There was excitement. There was laughing. There was frustration. Everything you want in a good egg hunt. Our typical 4 minute egg hunt lasted two hours and each kid only needed to find 16 eggs – eggs they all helped to fill with candy from our doorstep earlier in the day.
It was just the right ending to our day. A day typically steep in tradition looked totally different and yet felt wonderful all the same. The kids are convinced this egg hunt needs to be the new tradition and I think I agree. That’s the funny thing about traditions I suppose; they are wonderful and fantastic until you introduce a new idea and suddenly we’re okay with old traditions changing.
We love our family and missed them dearly on this day – we long for days when we can gather with them again. Happy Easter – He is risen!
Here’s a breakdown of Easter (which just so happened to be one of the busiest weekends we’ve had in a long while).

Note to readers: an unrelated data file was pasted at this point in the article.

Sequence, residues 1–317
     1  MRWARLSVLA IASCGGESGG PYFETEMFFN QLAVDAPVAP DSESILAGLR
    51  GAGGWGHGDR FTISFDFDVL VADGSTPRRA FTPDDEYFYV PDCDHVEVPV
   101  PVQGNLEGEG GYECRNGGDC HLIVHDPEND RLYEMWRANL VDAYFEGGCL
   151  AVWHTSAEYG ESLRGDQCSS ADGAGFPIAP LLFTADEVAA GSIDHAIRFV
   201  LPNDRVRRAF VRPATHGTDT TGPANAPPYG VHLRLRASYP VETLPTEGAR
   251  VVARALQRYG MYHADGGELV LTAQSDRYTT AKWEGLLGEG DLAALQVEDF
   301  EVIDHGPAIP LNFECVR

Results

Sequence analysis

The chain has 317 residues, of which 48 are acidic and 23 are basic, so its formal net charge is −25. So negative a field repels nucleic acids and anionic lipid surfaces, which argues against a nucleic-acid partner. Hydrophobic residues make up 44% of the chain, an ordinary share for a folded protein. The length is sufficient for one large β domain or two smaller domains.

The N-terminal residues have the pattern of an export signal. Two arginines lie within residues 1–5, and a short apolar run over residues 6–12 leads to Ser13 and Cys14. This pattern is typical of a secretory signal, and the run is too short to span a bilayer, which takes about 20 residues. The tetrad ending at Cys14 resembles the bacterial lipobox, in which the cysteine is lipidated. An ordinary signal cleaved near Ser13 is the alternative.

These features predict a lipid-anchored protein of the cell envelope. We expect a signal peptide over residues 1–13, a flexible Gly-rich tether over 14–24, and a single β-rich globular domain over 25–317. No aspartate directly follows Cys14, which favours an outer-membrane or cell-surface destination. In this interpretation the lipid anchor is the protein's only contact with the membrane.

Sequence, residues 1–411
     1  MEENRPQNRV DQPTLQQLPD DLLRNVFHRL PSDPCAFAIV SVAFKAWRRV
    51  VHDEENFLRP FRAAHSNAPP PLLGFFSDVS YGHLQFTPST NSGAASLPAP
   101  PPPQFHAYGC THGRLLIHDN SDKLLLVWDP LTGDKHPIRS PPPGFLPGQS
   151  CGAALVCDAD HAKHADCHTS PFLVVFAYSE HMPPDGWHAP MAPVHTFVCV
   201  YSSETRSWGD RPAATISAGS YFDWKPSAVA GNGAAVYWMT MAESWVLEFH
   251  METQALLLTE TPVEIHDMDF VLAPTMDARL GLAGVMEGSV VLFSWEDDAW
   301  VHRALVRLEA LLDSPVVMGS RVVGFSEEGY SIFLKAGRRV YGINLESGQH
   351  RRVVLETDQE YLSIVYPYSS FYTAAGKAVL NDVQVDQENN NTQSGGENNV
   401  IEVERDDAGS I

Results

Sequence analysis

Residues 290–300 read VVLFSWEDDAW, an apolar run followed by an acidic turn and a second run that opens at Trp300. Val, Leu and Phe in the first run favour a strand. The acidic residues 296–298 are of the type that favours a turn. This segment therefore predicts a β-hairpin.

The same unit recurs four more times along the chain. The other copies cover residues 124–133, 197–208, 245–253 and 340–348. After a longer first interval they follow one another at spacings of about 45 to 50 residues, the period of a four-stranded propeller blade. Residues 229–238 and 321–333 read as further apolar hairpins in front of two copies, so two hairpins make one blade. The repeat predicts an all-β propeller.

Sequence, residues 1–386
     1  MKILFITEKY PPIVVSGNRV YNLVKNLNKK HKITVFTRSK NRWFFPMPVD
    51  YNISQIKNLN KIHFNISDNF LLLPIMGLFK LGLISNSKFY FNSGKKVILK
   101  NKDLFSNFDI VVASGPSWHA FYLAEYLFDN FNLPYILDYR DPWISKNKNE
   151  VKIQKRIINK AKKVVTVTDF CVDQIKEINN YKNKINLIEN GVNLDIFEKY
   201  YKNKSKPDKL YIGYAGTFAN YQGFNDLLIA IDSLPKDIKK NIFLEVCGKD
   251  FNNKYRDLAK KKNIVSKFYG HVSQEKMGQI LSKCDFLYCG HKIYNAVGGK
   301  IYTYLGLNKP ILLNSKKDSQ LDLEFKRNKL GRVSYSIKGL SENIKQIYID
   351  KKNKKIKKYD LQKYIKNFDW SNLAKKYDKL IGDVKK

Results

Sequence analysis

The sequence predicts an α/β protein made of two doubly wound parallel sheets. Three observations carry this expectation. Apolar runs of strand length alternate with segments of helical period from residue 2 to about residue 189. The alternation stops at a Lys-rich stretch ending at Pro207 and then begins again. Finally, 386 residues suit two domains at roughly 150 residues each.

Easter baskets showed up Saturday morning, right on schedule! New summer hats and flip flops graced their baskets.
Bennett turns 8 this week and Easter was the first time he wore a suit to church. I was a little surprised with just how excited he was – and just how old he looks when he’s wearing it!
We spent the afternoon with family. It is surprising how close we live to family, and how little time we actually spend together. We live seemingly separate lives that cross every so often at sporting events or when family comes to town. So holidays like Easter are a nice treat to sit around and talk and joke and play. And although there are a lot of family members, our numbers keeping getting smaller as more and more leave the nest – these group photos used to be much more crowded! 🙂 5 grandkids on missions, 7 grandkids married (and only one lives locally) and many more away at school.